Irrational fears, negative self-talk, an overwhelming sense of pressure to perform, an endless flood of what ifs – with much of my life seeming like one big cloud of unknown, these are the things that frequently consume my mind. What city will I be in? Who will I live with? What type of career am I interested in long term? Where am I going to work next year? The list could go on and on. Being the indecisive perfectionist that I am, in recent weeks I have found myself on a downward spiral tearing myself down and believing the lie that because I do not have a plan by now I have failed, and there is no hope.
In order to cope with all of my irrational fears, I often keep busy and do my best to stay distracted. I find myself going from one thing to the next, and if ever I have a moment of down time, I am quick to check social media, call a friend, or simply find more to do. In order to avoid reality, I numb myself to the internal struggle and pursue those worldly things that I believe can bring instant gratification. I busy myself in work, school, friendships, family, etc. trying to control whatever aspects of my life that I can. Looking back, I realize my busyness is a defense mechanism to make up for all the unknowns and the accompanying sense of failure. Since I don’t have a job or a general plan by now, for some reason, I feel the need to work harder and to prove myself in other areas.
Although work in and of itself is not a bad thing, from the passage of Mary and Martha in Luke 10 I realize that this lifestyle is not healthy. In the midst of all the external pressures and commitments, I have lost sight of what is most important. It is not getting a job, having the most friends, serving the most hours in the church, etc. that are going to bring me relief, for as everyone knows, there is always more to do and always more to have. On their own, the things of this world will never be enough, and even more so, on our own we will never be enough. We are weak. We need help. We need something to bring permanent relief. We need to stop our striving and find rest.
Fortunately, as believers, we have this. In Matthew 11:28 Jesus says, “Come to me all who are weary and I will give you rest.” Instead of being a Martha, running all over the place with a never-ending to do list, we are called to be a Mary, to come and sit and listen. God will honor our sacrifice. It may be scary to come and sit at the feet of Jesus, to leave the rest of our work to be finished later and to be alone with our thoughts, but that is just it. We are never alone with our thoughts, and we are not leaving our work for nothing.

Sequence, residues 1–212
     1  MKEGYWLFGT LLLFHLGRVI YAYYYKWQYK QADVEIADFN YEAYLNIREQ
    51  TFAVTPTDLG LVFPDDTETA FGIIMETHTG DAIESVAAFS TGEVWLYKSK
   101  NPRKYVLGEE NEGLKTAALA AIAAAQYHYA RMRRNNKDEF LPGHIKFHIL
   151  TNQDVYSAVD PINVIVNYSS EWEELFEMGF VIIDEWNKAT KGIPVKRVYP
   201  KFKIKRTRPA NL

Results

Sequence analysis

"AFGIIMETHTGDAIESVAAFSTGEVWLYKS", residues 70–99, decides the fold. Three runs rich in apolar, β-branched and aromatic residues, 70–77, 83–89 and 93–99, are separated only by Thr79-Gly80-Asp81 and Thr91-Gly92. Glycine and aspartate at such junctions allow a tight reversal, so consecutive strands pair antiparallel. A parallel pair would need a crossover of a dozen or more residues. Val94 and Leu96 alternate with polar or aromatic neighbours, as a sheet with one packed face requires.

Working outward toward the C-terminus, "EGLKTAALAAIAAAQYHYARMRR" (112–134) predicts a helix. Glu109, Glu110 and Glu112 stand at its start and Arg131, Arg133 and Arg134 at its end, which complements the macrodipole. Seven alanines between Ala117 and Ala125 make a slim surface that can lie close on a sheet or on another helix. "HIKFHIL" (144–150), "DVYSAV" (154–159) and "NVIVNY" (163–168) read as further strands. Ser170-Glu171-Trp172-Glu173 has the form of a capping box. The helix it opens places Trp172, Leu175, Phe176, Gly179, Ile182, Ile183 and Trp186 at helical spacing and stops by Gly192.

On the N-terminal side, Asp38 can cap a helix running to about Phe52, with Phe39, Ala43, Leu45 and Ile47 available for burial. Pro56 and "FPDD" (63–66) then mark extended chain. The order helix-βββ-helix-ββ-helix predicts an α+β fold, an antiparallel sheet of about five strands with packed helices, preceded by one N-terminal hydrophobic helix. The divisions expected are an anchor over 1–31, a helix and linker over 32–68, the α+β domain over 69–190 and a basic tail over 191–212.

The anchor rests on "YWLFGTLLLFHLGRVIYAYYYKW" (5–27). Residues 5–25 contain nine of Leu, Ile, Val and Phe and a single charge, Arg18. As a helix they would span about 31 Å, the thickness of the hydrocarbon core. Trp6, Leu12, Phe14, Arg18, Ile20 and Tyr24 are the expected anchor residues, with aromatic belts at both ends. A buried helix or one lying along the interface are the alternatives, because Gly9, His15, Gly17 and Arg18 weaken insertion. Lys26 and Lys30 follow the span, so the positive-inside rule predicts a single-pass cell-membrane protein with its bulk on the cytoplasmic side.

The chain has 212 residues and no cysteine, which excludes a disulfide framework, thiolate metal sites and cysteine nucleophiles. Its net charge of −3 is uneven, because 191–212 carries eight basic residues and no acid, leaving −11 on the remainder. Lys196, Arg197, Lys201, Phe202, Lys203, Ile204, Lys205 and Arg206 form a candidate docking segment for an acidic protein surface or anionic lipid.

On the contrary, we are and will always be with the Creator of the Universe. God is there to help the rest of our work get finished. He is the author and perfecter of our stories, and he, not us, will be the one to bring them to completion. We must learn to come, to dwell, and to know that he is good and he is sovereign. He is the truth, and in his presence, we have the power to overcome the lies and irrational fears that so often fill our minds. We are not meant to fight these battles on our own.
As with Kate Moody who posted last week, I also recently read Anatomy of the Soul by Curt Thompson. In this book, Thompson gives the charge to pay attention to what you’re paying attention to (Thompson 53). He implies that we either chose to be mindful or we chose to be mindless. We must take a step back and realize where our true focus is. By busying myself in my to do lists and running away from my emotion, I have lost sight of what is most important to me. Yes, jobs, family, friends, church, are all important, but it is when these things become our main focus that it becomes an issue.
The things of this world will never take away our pain. Only Christ can. Emotion, weakness, hardship, vulnerability, these are things God has placed in our lives in order that we may draw near to him. For he is greater, and he is stronger. In Psalm 46: 10, we are called to “Be Still and know that he is God.” This is exactly what Mary does in Luke 11. There will always be worldly distractions fighting for our attention, but we must learn to keep our focus. Sometimes in this life, we must take a step back from the craziness and come sit at the feet of our Father. He is always there, and he is calling us to cease our striving, to surrender our control, and to come rest in his presence.
Mary Mitchum is a graduate of the 2015-2016 Capital Fellows Program.